In Japan, experts fear an irreversible population decline. Author: Taken from twitter
TOKYO, 18 March. The city of Sogyo in the city of Kawakami in Japan has been without newborns for a quarter of a century, which is a rather alarming fact for a country where, according to the Japanese press, the demographics seem to be declining. .
In 25 years without a newborn, the village’s population has more than halved from 6,000 to 1,150 40 years ago as the young residents leave and the elderly pass away.
Many houses were abandoned, some were taken over by wildlife, and most of the settlers became elderly, including some who could barely walk.
Kawakami is just one of countless small towns that are forgotten when young people leave for the big cities. About 85 percent of Japanese now live in the Tokyo, Osaka and Kyoto areas, according to a CNN survey. This social phenomenon has left rural areas and industries such as agriculture, forestry, and livestock facing severe labor shortages that are likely to worsen in the coming years.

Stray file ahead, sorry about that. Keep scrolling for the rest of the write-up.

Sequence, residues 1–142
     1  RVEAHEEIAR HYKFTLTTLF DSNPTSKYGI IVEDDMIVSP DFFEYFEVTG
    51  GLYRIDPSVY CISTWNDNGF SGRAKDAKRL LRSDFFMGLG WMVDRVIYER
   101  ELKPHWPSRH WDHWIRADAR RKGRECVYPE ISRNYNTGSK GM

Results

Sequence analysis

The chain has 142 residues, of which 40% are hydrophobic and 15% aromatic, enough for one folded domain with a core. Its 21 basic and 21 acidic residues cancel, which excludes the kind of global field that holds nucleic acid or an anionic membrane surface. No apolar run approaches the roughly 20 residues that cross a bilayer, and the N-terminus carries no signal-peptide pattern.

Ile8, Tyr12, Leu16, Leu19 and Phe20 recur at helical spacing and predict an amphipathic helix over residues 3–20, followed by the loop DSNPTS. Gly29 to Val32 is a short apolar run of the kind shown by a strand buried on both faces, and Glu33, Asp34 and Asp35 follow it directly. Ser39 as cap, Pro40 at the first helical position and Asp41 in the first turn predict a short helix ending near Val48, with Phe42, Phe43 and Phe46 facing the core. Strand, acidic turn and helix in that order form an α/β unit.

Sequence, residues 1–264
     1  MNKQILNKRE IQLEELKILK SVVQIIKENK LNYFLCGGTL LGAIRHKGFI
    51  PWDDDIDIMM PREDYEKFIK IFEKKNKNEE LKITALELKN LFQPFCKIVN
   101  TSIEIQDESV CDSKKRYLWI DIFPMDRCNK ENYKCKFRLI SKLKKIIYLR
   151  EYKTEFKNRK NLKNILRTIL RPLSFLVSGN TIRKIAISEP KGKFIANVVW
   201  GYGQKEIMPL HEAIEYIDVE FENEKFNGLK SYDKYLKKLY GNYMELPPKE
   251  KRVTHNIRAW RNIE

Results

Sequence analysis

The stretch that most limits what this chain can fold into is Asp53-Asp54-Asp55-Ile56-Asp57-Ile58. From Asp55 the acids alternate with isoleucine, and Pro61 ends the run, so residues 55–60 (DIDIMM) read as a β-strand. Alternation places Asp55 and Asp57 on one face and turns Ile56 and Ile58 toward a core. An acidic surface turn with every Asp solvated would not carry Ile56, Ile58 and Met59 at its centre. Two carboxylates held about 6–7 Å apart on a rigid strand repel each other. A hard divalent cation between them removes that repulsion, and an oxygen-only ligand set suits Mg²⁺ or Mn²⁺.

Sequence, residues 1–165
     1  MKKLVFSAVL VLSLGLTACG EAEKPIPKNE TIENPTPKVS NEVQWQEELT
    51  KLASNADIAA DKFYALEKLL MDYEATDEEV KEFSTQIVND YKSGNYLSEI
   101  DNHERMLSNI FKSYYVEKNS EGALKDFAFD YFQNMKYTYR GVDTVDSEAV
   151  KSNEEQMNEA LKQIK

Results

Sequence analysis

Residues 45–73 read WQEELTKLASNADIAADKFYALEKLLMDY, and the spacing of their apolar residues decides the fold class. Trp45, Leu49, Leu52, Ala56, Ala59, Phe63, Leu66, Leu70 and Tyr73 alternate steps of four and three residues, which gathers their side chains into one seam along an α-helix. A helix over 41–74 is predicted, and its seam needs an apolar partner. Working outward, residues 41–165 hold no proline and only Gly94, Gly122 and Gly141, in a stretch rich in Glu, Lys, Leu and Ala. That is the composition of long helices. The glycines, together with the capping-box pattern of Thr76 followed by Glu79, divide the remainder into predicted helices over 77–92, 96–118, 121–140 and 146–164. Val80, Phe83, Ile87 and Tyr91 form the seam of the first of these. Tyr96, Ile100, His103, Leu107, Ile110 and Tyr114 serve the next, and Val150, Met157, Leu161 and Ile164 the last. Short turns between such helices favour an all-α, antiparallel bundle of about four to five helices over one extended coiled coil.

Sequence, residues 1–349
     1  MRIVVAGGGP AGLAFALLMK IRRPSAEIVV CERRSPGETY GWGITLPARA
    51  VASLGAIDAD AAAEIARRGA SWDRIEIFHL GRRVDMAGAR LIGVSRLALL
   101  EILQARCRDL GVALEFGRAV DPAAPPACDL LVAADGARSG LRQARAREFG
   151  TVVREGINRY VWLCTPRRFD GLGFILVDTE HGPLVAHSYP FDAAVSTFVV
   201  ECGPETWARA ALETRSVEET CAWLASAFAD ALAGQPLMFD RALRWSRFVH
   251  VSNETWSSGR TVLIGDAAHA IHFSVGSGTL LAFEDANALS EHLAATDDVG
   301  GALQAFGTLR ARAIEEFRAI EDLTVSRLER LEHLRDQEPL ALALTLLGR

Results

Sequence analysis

Japan’s problem is that the cities don’t give birth to children either. Prime Minister Fumio Kishida warned at a press conference that breeding time is running out. But so far, the warning does not seem to have inspired the general Japanese public.
Amid a flood of cryptic demographics, Kishida warned that the country was on the verge of being unable to support social functions. Japan recorded 799,728 births in 2022, the lowest on record and just over half of the 1.5 million births registered in 1982.
The fertility rate – the average number of children born to women of reproductive age – has fallen to 1.3, well below the 2.1 needed to maintain a stable population. The death rate has outstripped the birth rate for more than a decade.
Some fear that the Asian country is rapidly approaching the point of no return, when the number of women of childbearing age reaches a critical minimum, beyond which it is no longer possible to reverse the trend.
Source: Juventud Rebelde